Sun Pharma has asked 18 top executives of Ranbaxy Labs to leave the firm in one of the biggest culls of senior management professionals in recent times. The order comes a year after the Dilip Shanghvi-led firm acquired Ranbaxy in an all-stock deal and a few weeks after Q4 profits shrank 44 per cent due to costs incurred in assimilating the buyout and regulatory issues.
Those who have been asked to leave are Indrajit Banerjee, President and CFO; Yugal Sikri, country head (India) Ranbaxy; Maninder Singh, V-P marketing; Govind Jaju, global head, sourcing; Ratul Bahaduri, director-finance; among others, people close to the development said.
The executives have been given a severance package and the freedom to exercise their stock options before leaving. A Sun Pharma spokesperson said that the objective of the Sun-Ranbaxy merger was to create a larger and better organisation for all its stakeholders. “In order to make this happen, the company has made and will continue to make all efforts to utilise the total available talent in the most appropriate manner. If there are a few employees who could not be positioned appropriately, the organisation will make all attempts to handle the same in a fair, transparent and sensitive manner. We reiterate that our focus continues to be on creating an environment of meaningful professional opportunities for our employees to lead, succeed and grow,” the spokesperson said. Ranbaxy’s merger with Sun was always supposed to be an intensely complex exercise due to the sheer size of the two firms. The salesforce of the combined organisation is itself close to 30,000 in India and overseas.
The two companies also had more or less similar organisational structures with a focus on emerging markets, developed markets, Europe, Russia and India. A surplus was inevitable once the basic merger procedures were sorted out.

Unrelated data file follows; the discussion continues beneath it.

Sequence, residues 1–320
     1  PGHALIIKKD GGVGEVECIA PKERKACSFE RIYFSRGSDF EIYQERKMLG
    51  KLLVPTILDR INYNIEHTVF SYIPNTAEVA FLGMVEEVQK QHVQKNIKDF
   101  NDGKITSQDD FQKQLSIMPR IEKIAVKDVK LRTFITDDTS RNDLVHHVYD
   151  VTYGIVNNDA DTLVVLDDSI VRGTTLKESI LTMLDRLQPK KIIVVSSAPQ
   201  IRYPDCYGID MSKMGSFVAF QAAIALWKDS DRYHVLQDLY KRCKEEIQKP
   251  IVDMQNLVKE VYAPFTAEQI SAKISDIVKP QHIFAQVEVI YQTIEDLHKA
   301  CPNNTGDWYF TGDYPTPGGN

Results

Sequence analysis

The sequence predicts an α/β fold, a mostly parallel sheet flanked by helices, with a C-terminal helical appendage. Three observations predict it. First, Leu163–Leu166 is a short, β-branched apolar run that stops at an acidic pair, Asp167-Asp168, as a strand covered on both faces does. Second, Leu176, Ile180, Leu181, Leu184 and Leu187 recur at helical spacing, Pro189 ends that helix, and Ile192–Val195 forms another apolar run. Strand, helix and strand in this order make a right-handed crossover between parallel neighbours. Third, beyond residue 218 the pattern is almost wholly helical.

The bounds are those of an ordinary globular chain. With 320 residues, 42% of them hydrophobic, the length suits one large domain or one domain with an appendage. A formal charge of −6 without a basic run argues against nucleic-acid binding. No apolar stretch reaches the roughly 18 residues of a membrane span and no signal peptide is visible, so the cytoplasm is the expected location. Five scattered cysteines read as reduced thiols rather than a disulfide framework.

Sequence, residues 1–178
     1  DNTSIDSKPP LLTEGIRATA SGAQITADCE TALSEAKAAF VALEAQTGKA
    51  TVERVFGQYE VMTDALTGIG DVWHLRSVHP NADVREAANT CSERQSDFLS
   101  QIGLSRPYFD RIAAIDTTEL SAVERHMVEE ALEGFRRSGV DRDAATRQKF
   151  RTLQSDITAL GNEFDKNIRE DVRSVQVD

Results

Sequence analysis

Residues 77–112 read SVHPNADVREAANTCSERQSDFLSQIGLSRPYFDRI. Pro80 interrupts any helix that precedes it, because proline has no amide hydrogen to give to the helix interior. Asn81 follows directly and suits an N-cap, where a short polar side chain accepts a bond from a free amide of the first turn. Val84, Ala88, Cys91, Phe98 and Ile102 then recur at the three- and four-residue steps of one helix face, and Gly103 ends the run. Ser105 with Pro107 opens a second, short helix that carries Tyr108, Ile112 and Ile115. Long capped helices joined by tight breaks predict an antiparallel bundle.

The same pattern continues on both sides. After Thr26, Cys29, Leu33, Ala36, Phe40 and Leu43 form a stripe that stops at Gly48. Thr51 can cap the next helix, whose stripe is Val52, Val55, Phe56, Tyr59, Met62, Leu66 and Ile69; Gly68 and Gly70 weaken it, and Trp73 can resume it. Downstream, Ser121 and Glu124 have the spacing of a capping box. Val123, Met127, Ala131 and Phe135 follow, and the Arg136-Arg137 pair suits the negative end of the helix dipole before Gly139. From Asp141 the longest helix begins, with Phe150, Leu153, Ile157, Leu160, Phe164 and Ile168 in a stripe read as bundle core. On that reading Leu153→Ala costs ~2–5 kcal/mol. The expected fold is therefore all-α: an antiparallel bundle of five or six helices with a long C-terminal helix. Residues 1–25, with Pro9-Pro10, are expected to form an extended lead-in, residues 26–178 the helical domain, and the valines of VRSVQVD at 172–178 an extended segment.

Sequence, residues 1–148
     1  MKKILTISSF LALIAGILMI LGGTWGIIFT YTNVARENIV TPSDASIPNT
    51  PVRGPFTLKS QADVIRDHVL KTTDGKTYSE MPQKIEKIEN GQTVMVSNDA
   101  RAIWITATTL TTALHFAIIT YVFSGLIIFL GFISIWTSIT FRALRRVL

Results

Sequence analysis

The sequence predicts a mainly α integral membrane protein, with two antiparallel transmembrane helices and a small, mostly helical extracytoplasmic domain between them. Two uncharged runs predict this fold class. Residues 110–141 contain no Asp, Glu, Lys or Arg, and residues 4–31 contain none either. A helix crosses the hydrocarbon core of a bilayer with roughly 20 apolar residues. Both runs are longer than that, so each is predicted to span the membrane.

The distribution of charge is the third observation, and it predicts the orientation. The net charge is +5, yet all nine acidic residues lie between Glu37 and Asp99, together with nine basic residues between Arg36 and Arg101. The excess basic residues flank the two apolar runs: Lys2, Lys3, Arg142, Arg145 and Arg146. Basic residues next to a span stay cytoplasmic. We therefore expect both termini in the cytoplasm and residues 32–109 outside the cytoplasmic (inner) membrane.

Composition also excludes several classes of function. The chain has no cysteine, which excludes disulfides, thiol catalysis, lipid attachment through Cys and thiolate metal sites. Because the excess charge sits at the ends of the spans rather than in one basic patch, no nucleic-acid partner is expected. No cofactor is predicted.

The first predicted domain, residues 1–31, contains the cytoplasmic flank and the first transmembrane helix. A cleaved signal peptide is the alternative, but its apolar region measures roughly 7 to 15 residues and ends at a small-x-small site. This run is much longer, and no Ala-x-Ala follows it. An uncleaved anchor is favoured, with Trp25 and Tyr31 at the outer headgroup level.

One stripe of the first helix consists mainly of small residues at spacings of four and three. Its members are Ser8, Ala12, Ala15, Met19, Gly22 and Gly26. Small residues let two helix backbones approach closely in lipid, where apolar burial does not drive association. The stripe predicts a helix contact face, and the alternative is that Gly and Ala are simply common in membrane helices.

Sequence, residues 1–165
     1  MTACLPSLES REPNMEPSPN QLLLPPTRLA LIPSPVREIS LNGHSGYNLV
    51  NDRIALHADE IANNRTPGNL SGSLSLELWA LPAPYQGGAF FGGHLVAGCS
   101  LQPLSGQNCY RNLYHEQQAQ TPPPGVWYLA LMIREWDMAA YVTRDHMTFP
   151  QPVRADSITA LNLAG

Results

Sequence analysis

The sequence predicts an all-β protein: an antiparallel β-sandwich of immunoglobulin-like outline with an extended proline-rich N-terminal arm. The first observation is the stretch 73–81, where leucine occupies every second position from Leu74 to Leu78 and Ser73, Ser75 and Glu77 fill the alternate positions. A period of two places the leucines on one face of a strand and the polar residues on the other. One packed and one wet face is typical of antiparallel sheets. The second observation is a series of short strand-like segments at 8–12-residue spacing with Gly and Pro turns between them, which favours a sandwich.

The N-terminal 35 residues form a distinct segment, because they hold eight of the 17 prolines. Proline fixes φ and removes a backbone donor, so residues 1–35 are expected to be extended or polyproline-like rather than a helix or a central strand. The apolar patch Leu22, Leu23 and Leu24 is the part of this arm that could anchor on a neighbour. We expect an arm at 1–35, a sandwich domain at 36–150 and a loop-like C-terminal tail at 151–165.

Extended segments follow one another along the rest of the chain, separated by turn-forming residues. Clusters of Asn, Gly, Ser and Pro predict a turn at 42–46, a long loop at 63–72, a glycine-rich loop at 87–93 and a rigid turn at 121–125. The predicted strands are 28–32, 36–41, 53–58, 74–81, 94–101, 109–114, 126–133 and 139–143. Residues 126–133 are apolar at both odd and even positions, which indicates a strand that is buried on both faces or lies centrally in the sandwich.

Most senior management who have been asked to leave were brought in after Japanese giant Daiichi bought Ranbaxy from the Singh brothers in 2008.
In the annual press conference last month, Sun CEO and MD Dilip Shanghvi warned that some leaders may have no role in the merged entity. “I have already announced people who will report to me, in coming days we will make more announcements of people who will be reporting to me,” Shanghvi added. “However, there are a few senior leaders of Ranbaxy who have no role in merged entity, and they are talented individuals so we are looking at finding a way of retaining all people.”
The problem for the senior Ranbaxy executives became acute after Sun filled crucial slots in the merged organisation with its own people. Abhay Gandhi was given charge of the India market for both the companies; Aalok Shanghvi was elevated as the emerging markets head and Kal Sundaram was made incharge of the North America market of both Sun and Ranbaxy. Subhodh Deshmukh is one of the few Ranbaxy executives to be retained and he is in charge of the overthe-counter business.
“Nearly 150 senior management staff including those who are VP and above will be asked to leave over the coming months,” said a person closely associated with the ongoing development, who did not wish to be quoted due to the sensitivity of the issue.
In its fourth-quarter results last month, Sun Pharma reported weak businesses across segments. Consolidated revenue fell 11 per cent quarter on quarter to Rs 6,200 crore. India market sales was also down 10 per cent at Rs 1,500 crore.
“We reiterate our earlier stance that Sun-Ranbaxy integration will be lengthy and would lead to cost pressures. We expect the stock to remain subdued over the next few quarters until we start seeing benefits (only by FY17E) from the merger of these two large entities as well as clarity on Halol plant,” said Meeta Shetty, analyst from Kotak Securities in a research note.
Sun shares have fallen 12 per cent in the past one month.
By Divya Rajagopal